I went to see Punchdrunk’s The Burnt City the other night. In the bar on the way in, I confidently said to my partner, “immersive theatre is video games”.

It isn’t.

If you’ve not heard of Punchdrunk I urge you to go and find out (and ideally buy a ticket if you’re in London). They’re the foremost purveyors of high-budget immersive theatre and I’d wanted to see one of their shows for years.

The Burnt City is a reinterpretation-slash-remix of Agamemnon and Hecuba. It takes place in a giant warehouse that’s been converted into a city, and the story unfolds in real time in several places at once. As a spectator you can follow a character of your choosing, stay in one place to observe what happens there, or just go exploring - I did a bit of all three.

Spectators are given white masks to wear and are forbidden from speaking, so it’s clear who’s involved and who isn’t, and those same spectators end up forming a backdrop that makes the city feel even more alive on the eve of its destruction. The story takes place over a one-hour-ish loop, so you have the opportunity to catch a couple of different perspectives. It’s breathtaking in its scope and ambition and it’s brilliant.

On the face of it, so far so video games, or so was my assumption. As I moved around the space, though, I was struck by how unlike anything I’ve played it is. The answer’s probably obvious - games, even those sometimes unfairly derided as “walking simulators”, give the participants agency in a way that would utterly break this kind of production. The whole point is that the spectator is a ghost - they can observe events, but they cannot change them, and the events will continue happening regardless of whether the spectator is even there.

This gets played with by Punchdrunk in lots of different ways. Characters will sometimes appear aware of the spectators and sometimes will not. A character you’re following might suddenly take off at a run, leading to an eerily silent stampede as they’re tailed by a mob of phantoms. They might even push past you or scream in your face - but crucially there’s nothing a participant can do, at least if they’re behaving themselves, that can upset this loop.

I’ve been wondering whether this kind of interaction, or lack thereof, could work in a game. My gut feeling is that the inability for players to influence events in any way, even as a collective, would kill it. There are a couple of games, on reflection, that come close to the feeling Punchdrunk provides, but they’re not what I expected.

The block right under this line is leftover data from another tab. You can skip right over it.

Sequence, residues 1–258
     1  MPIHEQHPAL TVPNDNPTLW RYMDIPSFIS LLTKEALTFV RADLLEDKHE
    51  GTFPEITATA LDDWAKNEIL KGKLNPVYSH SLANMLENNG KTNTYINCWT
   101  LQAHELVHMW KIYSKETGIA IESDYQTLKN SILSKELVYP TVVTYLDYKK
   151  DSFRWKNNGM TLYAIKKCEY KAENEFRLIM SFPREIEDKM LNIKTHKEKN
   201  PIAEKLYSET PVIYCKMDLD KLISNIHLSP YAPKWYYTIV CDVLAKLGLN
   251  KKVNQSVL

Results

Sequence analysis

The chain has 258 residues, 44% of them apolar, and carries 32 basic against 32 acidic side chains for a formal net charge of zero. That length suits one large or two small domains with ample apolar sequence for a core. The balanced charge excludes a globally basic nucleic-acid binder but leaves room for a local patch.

The game I’ve always had in my head as being the most immersive-theatre-y is Fullbright’s Tacoma, a game set on a seemingly derelict space station where what you’re mostly doing is rewatching conversations to try and piece together what happened. It’s fairly passive as these things go, but even then as a player you’re still making decisions - what order to watch things in, rewinding and pausing, gathering clues from recordings to unlock doors. The game is entirely centred around the player; there’s no sense that things would continue to unfold if you closed it.

I think IO Interactive’s Hitman series hews far closer to what Punchdrunk are doing, at least up to a point. Each level is a real-time simulation, with events that will play out regardless of whether you’re watching them. You can - and I frequently do - play through a level without doing anything, just watching, making notes. Who talks to who? Where do they go?

Unfortunately, playing the game like this will result in a fail state. Hitman is absolutely designed to be played this way, but there still by necessity has to come a point where you stick a very large bald spanner in the works in exactly the right place and watch the whole delicate structure collapse around you. It’s exhilarating. It also ceases to be immersive theatre.

Outer Wilds is one of the best video games ever made, and it’s another example of the player’s agency being used in an interesting way. In Outer Wilds, the sun explodes every twenty minutes, and nothing you do in those twenty minutes has any impact beyond that timeframe. You spend most of your time in the game exploring, gaining knowledge of this delightful clockwork solar system, learning how it all fits together. This lack of agency is broken in only two places, which I won’t spoil. You should play Outer Wilds.

I am not going to talk about BioShock here, but if that’s in your head, good for you.

I’d be interested to see a game studio make something that works in the way a Punchdrunk play does. I’m aware Punchdrunk have done a small amount of work in the space, and they’re doing something with Niantic, so I’ll keep an eye on that. In the meantime, if you know of anything I ought to look at, holler.